testing. President Clinton wanted to have the CTBT - Comprehensive Test Ban Treaty - yet
    President Clinton ackowledged that the US was going to maintain possession of nuclear weapons
    for the indefinite future:

    "As part of our national security strategy; the United States must and will retain strategic nuclear
    forces sufficient to deter any future hostile foreign leadership with access to strategic nuclear forces
    from acting against our vital interests and to convince it that seeking a nuclear advantage would be
    futile. In this regard I consider the maintenance of a safe and reliable nuclear stockpile to be a
    supreme national interest of the United States.

    --President Wllliam J. Clinton
    August 11, 1995

    NIF is about the only device capable of doing experiments in the thermonuclear regime that had
    heretofore only been accessible via underground nuclear testing. Since the weapons laboratories
    needed to have access to that physical regime for the management and stewardship of the nation's
    nuclear detterent; NIF was the only technology that could obviate the need for underground nuclear
    testing.

    Dr. Gregory Greenman
    Physicist
     
    Last edited: Aug 23, 2007
  6. Aug 23, 2007 #5

    mheslep

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    Fair enough, but then it should not be named the National IGNITION Facility implying the opposite.
     
  7. Aug 23, 2007 #6

    mheslep

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    That may be; I note that the NRDF report references itself frequently in the43 footnotes. However, many of the other references certainly are not 'crap' sources (Science, DOE reports, etc), and positing a press release from the owners of the $4B budget in response doesn't go far toward refuting the 'crap'. How about a GAO review, or some other peer reviewed work?

    Can you comment then on the assertion, based on the Centurion-Halite experiments, that 20MJ are required for ignition and therefore even with complete NIF design goal success it would not come close to ignition?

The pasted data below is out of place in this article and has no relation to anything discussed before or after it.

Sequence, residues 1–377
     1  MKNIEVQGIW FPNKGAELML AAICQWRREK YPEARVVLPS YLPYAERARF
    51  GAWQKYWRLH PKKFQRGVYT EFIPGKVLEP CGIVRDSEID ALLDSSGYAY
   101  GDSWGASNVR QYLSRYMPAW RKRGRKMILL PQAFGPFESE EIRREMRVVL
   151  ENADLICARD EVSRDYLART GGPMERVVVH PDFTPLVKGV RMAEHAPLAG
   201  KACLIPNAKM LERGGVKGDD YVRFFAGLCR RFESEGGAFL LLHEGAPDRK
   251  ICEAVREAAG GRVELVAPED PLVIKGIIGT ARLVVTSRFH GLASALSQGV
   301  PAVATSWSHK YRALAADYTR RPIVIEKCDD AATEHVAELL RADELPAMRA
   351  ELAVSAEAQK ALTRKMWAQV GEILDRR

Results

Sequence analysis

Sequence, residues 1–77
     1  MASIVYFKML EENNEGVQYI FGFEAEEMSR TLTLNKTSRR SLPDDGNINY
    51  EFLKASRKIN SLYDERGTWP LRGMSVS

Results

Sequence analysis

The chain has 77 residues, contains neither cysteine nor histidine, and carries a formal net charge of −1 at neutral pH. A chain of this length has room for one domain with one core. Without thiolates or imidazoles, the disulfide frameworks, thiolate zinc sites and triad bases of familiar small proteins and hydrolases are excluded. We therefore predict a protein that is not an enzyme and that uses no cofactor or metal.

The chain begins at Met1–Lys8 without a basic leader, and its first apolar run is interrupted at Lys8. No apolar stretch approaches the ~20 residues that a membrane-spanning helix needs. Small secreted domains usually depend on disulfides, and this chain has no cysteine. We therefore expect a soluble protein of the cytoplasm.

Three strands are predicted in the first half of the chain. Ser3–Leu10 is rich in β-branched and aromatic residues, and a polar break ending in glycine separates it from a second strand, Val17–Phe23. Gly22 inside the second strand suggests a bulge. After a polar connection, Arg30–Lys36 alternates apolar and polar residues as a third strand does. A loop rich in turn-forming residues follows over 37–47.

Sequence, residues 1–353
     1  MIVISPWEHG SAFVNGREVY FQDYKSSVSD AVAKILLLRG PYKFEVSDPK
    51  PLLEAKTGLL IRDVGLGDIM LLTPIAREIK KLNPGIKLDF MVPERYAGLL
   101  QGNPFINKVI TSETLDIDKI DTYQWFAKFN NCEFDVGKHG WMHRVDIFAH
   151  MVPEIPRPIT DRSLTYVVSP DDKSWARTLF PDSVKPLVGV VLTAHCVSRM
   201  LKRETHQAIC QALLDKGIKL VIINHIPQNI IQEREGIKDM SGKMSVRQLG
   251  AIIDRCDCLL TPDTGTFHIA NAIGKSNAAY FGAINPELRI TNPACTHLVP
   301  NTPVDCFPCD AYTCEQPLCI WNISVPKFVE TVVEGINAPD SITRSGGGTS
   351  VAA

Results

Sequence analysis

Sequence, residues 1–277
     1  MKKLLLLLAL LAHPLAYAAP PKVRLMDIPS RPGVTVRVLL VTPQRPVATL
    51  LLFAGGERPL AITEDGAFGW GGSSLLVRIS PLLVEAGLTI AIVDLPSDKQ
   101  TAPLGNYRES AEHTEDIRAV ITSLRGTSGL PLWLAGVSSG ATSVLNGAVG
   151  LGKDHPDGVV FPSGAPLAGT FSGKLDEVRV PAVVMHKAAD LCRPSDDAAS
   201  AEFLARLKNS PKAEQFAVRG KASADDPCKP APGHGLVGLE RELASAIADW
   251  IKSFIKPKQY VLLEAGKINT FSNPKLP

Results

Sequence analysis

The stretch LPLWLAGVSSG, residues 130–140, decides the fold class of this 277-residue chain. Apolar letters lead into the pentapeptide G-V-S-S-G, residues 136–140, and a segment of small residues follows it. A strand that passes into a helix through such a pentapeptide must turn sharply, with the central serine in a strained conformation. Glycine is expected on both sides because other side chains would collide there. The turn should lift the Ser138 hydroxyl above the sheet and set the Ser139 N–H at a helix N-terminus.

Last edited: Aug 23, 2007
  8. Aug 23, 2007 #7

    mheslep

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    Morbius -

    Yes I see some nice graphics but no calculations, no numbers. Specifically with current wall materials what scale of power does NIF predict? No doubt a low megawatt reactor can be built, but 1GW? How does one protect the laser or ion apertures in the reaction chamber? A liquid Flibe bath must be behind the first wall (?) which would do well at handling the averaged energy flux just as is planned for ITER, but the peak energy is the problem here (10^8 x greater than average) and wall would ablate away with every shot.
     
    Last edited: Aug 23, 2007
  9. Aug 23, 2007 #8

    mheslep

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    Apparently the assertion comes from this '99 NIF report (reference [6] by Paine et al):
    NIF Technology Review
    that states in several places that as of '99 the optics could only only tolerate 3j/cm^2 though they hoped for 8 J/cm^2; 3 J/cm^2 * NIF beam size=pi*20cm^2 = 3.8kJ per beam; with 192 beams ~ 0.7MJ. Your links indicate the optics limits have been much improved recently.

    mheslep
     
    Last edited: Aug 23, 2007
  10. Aug 23, 2007 #9

    Morbius

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    mheslep,

    It wasn't LLNL's idea to call it that, anyway.

    Congress MANDATED it - because it is supposed to achieve IGNITION.

    Besides, calling it IGNITION does NOT imply the opposite - i.e. does NOT
    imply that the facility is NOT a part of the weapons program.

    The word IGNITION means that the fusion reaction is self-sustaining. What you want
    to do with that self-sustaining fusion reaction is a totally different matter.

    However, Congress was told that NIF would achieve thermonuclear ignition, and
    Congress demanded that the facility have a name with the word "ignition" in it.

    Dr. Gregory Greenman
    Physicist
     
  11. Aug 23, 2007 #10

    Morbius

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    mheslep,

    No the liquid Fibre is NOT behind the first wall - it IS the first wall.

    In the HYLIFE-II concept, the liquid Fibre is not a bath but a shower.